Students Gain Experience with Patients Before Clinicals

Brittany Turner and Tom Horgan
Physical therapy student Brittany Turner treats Tom Horgan for shoulder pain.

By Karen Angelo

After surgery, Clinical Assoc. Prof. of Nursing Sandra Mote suffered with neuropathy in her feet, which caused balance issues. She found help at the university’s free physical therapy clinic, which opened on South Campus last fall. 

“My balance, strength and endurance have all improved,” says Mote. “It’s so convenient to have weekly physical therapy sessions on campus.” 

The Department of Physical Therapy and Kinesiology’s pro bono clinic was developed to provide opportunities for students in the Doctor of Physical Therapy (DPT) program to gain more clinical experiences on campus. Located in Riverview Suites, the free clinic is available to all UMass Lowell students, faculty and staff. 

Faculty in the Department of Physical Therapy and Kinesiology designed the clinical experience for first- and second-year DPT students to practice interacting, admitting and treating patients prior to their formal clinical education assignments. Second- and third-year DPT students gain additional clinical experience while mentoring other students. Lou Coiro ’82 and Heather Jones ’10, ’13, both practicing and licensed physical therapists with decades of experience, supervised the students in the fall. 

Lucas Abreu with Tom Horgan
Lucas Abreu works with Tom Horgan.

“I monitor the students, but do not intervene initially,” says Coiro, who will continue to supervise the students during spring semester. “I want them to use their current level of knowledge and skill to assess the patient, develop a treatment plan and initiate treatment. I tend to ask questions that help expand their critical thinking skills in terms of assessing a patient’s response to treatment and alternative interventions that may be indicated.” 

Jones was impressed with the students’ professionalism. 

“The DPT students were deeply invested in the recovery of their patients,” says Jones, an adjunct faculty member in the Department of Physical Therapy and Kinesiology. “They researched techniques between visits, consulted with other therapists and tried new skills to provide the best care possible.” 

Assoc. Teaching Prof. JoAnn Moriarty-Baron, who is a member of the steering committee that planned the development of the clinic, is the liaison between DPT clinical faculty and the students. She says the clinic provides a key link between classroom learning and professional experience.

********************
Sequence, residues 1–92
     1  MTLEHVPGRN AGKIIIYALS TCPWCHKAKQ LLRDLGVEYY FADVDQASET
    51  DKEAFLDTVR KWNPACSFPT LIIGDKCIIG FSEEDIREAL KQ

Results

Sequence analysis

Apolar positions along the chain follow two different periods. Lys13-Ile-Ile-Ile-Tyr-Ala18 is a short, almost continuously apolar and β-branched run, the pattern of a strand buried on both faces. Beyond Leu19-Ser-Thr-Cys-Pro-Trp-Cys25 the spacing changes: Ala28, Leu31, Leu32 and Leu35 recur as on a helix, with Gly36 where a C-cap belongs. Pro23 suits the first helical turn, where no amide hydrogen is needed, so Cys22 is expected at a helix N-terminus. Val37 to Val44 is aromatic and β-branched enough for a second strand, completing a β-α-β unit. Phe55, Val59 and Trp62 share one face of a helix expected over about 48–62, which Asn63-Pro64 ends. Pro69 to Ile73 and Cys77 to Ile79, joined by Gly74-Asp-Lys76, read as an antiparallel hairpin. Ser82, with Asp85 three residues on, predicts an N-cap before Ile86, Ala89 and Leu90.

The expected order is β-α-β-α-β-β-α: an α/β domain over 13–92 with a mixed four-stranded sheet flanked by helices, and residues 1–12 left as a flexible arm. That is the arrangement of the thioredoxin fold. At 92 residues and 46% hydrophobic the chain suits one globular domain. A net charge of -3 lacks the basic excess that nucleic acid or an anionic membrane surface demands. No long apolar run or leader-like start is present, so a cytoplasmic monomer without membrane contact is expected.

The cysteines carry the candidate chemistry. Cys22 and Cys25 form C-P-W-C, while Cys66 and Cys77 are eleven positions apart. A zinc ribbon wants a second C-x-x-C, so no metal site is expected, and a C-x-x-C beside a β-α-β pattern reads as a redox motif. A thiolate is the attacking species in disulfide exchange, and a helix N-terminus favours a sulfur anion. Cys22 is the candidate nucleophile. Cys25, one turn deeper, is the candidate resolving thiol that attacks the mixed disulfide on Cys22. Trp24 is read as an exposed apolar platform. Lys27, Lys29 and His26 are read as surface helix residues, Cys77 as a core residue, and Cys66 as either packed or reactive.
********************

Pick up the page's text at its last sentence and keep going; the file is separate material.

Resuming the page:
“Our pro bono physical therapy clinic allows our students to apply the knowledge they are learning in class and lab to actual patient care,” she says. “Working as a team for the good of the patient develops a sense of camaraderie and support between students.” 

Second-year student Brittany Turner treated Thomas Horgan, who suffers with pain in both shoulders due to past injuries. 

“The on-campus physical therapy clinic allowed me to practice my patient interaction skills rather than having almost a year’s gap between the summer clinicals,” says Turner. “It was also great to work in groups to see how other students approached treatments.” 

Horgan, a mechanical engineering manager for the Submillimeter-Wave Technology Laboratory (STL), sees the clinic as a win-win for the university community. 

“I get physical therapy with no copay, and the students get valuable experience with patients,” he says. “I still have a way to go before I am pain-free, but I intend to keep up the exercises and get back into the clinic during spring semester and continue until my shoulder pain is totally gone, or at least improves significantly.” 

Sarah Jordan and Sandra Mote
Sarah Jordan guides Sandra Mote in exercises to help with balance issues.

Horgan and Mote were both motived to get treated by students to help them learn. 

“I love being part of student education,” says Mote. “The students are very enthusiastic and caring.” 

“I have been mentoring the mechanical engineering students working at STL for over 35 years and thought that I could also help physical therapy students,” says Horgan. 

For second-year student Lucas Abreu, who also treated Horgan, working in the clinic built his experience in outpatient orthopedics. “It’s always a good idea to get exposure to as many different patient cases as possible to be a more well-rounded clinician,” he says. “Both Lou Coiro and Heather Jones are very attentive and offer great feedback.” 

Note: Members of the UMass Lowell community who are interested in being treated at the clinic may email or call 978-934-5312 to find out more and book an appointment. Students see patients on Tuesdays, Thursdays and Fridays, 4 to 6 p.m., in Riverview Suites.